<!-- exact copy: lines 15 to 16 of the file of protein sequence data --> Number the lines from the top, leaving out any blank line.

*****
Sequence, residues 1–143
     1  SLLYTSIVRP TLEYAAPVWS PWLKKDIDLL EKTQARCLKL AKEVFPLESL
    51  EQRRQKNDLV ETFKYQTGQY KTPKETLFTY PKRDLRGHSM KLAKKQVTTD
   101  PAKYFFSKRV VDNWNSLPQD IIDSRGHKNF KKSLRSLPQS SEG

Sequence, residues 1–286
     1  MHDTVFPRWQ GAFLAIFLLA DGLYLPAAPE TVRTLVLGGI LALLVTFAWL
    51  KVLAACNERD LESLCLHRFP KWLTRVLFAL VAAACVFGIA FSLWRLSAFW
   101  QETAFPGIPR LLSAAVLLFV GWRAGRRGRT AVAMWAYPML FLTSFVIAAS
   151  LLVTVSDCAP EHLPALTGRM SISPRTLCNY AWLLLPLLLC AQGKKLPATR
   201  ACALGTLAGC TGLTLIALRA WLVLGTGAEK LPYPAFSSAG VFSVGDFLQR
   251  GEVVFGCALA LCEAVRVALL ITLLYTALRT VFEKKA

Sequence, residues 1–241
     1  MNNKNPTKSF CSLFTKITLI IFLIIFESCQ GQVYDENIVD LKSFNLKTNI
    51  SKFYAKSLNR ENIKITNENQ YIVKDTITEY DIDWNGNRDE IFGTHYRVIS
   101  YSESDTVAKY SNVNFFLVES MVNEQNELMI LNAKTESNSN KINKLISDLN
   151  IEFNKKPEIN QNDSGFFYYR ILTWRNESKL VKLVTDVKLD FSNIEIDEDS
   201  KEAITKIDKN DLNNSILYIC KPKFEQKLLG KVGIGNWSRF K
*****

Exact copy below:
   101  YSESDTVAKY SNVNFFLVES MVNEQNELMI LNAKTESNSN KINKLISDLN
   151  IEFNKKPEIN QNDSGFFYYR ILTWRNESKL VKLVTDVKLD FSNIEIDEDS